When Things Don’t Feel Right. Your Toddler and Sensory Processing

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    When Things Don’t Feel Right. Your Toddler and Sensory Processing

    Sensory Processing Disorder (SPD) is a disorder of the sensory systems.  Basically, things don’t feel right.  SPD can effect any or all of the sensory systems.  These include the systems that govern vision, hearing, touch, taste, smell, balance and motor function.  SPD can be a symptom of a larger disorder, such as autism, or it can stand alone.  ren with SPD might be sensory seeking (crashing into things and people) or sensory avoidant (avoiding touch).

    In , SPD is a raw deal.  Imagine trying to explore the world while everything is too loud, too bright, too smelly, and too scratchy.  It’s hard and you can see why with SPD could struggle a bit with .  It’s all just too much.  

    How do you tell if your toddler has SPD?  Here are some signs:

    Difficulty with nursing.  Was breastfeeding hard for your ?

    Trouble with being touched or hugged.  Does your toddler arch away or become a wet noodle when you want a hug?  Are hugs ok as long as your toddler is initiating them?  Is the slightest touch or jostle viewed as an assault?

    Hates tags.  Does your toddler have trouble with tags in clothes or seams on socks?  Are you spending way too long dealing with these types of issues?

    Trouble eating.  Does your toddler have a very limited diet?  Does he gag with certain textures of foods?  Are you spending extra time managing your ’s meals?  Do you make frequent stops at fast foods restaurants because that’s all he’ll eat?

    Terrible er.  Does your toddler have unusual patterns like waking up in the middle of the night and not being able to go back to ?  Is falling a hard?

    Difficulty calming down.  Does your toddler throw really intense tantrums?  Can he recover easily from a tantrum?  Does he escalate quickly?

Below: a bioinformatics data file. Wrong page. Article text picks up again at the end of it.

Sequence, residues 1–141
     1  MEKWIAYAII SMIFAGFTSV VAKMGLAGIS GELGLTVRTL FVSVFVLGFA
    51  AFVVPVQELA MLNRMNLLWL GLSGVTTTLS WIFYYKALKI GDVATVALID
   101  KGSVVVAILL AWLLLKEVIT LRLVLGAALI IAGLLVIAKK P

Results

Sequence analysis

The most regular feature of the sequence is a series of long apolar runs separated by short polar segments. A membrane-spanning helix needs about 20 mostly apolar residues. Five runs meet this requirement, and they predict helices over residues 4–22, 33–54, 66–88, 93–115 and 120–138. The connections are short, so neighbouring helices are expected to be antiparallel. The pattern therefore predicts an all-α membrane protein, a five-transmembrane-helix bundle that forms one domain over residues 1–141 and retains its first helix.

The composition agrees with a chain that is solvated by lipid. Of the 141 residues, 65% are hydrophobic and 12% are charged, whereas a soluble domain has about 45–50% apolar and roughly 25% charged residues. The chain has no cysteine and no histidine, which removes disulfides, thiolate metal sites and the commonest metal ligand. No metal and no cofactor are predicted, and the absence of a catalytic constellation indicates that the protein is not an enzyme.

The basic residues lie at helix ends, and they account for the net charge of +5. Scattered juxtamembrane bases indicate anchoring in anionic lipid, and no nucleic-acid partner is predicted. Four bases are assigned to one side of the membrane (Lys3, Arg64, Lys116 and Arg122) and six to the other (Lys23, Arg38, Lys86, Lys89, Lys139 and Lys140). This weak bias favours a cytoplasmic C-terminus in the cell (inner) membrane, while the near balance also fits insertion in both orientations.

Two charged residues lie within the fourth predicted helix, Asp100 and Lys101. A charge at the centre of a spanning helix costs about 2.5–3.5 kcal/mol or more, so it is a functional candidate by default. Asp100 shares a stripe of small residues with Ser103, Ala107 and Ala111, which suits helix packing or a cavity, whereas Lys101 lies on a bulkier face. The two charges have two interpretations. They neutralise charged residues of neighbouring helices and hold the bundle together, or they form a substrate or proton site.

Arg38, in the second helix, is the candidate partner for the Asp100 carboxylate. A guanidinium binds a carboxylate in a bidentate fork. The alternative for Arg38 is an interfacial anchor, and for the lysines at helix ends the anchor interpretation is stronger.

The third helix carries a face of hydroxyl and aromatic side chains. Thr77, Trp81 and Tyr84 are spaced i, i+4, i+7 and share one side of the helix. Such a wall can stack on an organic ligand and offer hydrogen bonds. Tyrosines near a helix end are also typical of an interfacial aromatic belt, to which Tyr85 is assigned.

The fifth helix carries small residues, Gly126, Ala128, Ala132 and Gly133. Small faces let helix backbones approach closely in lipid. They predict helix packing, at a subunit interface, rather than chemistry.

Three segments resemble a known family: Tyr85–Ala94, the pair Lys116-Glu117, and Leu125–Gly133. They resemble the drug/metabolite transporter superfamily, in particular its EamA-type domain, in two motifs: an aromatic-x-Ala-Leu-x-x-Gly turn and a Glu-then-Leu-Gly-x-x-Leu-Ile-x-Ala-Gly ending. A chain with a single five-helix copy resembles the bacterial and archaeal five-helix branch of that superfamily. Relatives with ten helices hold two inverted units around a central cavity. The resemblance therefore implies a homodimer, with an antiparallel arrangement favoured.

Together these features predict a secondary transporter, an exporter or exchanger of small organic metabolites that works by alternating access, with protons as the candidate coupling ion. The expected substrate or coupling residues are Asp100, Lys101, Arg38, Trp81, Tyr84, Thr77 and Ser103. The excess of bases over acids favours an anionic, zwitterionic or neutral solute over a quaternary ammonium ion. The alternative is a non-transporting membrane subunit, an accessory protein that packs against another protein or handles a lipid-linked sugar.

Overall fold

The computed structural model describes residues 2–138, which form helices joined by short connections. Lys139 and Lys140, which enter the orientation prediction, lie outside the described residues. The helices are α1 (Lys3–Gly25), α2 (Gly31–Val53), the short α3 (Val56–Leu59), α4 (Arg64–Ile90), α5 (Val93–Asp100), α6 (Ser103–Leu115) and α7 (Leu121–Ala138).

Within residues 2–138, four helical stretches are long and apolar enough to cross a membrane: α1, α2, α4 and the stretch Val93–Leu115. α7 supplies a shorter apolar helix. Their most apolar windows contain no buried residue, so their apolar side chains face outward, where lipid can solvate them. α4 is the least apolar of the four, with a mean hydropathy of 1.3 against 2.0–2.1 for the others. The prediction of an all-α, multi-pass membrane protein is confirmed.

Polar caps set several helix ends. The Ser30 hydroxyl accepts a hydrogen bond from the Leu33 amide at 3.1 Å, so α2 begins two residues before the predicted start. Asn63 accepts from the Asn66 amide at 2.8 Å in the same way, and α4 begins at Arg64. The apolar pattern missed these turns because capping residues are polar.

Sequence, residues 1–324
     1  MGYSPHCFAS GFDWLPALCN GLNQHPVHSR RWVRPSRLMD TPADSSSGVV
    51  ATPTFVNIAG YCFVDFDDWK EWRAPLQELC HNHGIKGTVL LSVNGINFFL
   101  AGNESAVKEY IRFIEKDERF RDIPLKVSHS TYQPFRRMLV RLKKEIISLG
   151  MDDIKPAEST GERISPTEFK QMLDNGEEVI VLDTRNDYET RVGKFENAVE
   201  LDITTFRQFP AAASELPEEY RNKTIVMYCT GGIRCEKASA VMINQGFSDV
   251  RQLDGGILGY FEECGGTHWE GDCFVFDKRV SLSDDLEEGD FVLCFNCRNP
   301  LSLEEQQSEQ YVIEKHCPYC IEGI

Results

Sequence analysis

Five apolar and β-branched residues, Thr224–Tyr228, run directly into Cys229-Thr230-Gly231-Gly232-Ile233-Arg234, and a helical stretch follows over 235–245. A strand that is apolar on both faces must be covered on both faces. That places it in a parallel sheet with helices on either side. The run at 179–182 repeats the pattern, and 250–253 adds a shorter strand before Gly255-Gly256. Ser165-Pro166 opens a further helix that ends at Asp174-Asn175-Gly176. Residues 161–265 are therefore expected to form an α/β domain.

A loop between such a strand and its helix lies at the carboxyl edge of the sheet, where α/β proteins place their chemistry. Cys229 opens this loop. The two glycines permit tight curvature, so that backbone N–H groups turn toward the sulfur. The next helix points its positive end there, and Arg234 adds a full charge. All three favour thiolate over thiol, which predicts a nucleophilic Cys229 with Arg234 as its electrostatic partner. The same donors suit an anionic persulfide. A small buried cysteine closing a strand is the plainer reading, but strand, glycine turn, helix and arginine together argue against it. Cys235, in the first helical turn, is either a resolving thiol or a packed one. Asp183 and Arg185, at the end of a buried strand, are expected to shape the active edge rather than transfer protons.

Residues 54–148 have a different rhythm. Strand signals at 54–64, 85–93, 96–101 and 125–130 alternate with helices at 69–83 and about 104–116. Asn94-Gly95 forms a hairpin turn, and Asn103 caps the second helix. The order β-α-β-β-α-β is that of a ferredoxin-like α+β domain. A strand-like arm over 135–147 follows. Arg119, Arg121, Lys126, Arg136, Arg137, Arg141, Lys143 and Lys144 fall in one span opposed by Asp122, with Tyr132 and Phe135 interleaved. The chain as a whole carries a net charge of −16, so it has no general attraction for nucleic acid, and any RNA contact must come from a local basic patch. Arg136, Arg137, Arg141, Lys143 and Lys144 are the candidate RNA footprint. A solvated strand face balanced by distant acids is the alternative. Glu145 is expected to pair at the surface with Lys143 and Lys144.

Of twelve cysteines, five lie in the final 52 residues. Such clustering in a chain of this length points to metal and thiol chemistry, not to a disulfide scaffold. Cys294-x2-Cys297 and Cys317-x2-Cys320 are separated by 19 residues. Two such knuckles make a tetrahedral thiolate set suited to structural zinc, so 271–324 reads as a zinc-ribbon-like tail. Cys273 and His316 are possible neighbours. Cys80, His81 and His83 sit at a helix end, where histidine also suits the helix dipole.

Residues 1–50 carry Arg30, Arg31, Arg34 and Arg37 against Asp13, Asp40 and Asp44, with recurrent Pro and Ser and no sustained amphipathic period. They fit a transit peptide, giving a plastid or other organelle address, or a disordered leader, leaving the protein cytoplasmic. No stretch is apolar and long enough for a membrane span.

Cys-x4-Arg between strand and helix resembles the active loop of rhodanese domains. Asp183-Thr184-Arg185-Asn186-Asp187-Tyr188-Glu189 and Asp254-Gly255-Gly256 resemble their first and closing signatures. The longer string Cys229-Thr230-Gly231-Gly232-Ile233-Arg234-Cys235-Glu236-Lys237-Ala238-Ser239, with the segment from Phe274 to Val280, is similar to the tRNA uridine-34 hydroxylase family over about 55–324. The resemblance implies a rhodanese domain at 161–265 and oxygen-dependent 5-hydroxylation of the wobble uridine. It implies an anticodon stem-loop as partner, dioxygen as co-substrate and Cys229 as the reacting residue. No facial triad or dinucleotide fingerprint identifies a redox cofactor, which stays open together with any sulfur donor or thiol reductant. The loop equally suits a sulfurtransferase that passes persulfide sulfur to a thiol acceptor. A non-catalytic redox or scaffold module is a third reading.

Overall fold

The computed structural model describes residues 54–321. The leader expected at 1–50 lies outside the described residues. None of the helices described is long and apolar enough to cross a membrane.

Trouble with bright light.  Does bright light really bother your ?  When riding in the car, does your require a shade or sunglasses to tolerate the sunlight streaming in?

    Hates loud noises.  Does your toddler become easily overwhelmed in loud places?  Is he fearful of loud noises like a toilet flushing or a hand dryer in a public restroom?

    Rough and doesn’t notice pain.  Does your toddler frequently engage in rough ?  Does he love to crash into others and tackle to the ground?  Does he seem to not notice when he is hurt or bleeding?

    Bull in a shop.  Do you frequently describe your toddler as clumsy or a “bull in a shop”?

    Constant movement.  Is your toddler in constant motion?  Have doctors or insinuated that he is more active than normal?

    Are there other developmental concerns such as delayed speech, fine motor delays or trouble with adaptive skills such as and self-feeding?

    If you answered “yes” to more than a few of these questions, your may need to be evaluated for SPD.  Typically, an occupational therapist is the right person to evaluate your . Your pediatrician should be able to provide you with a list of good OTs.

    For your ’s sake, don’t wait!  It is hard enough being a toddler ( and parenting a toddler) with SPD.  Your deserves to get the that he needs in the form of occupational/sensory integration therapy.

    Links to more information:

    STAR Institute for Sensory Processing Disorder

    Childmind.org

    Sensory Smart Parents

     

    Let Them Fly!

     

     

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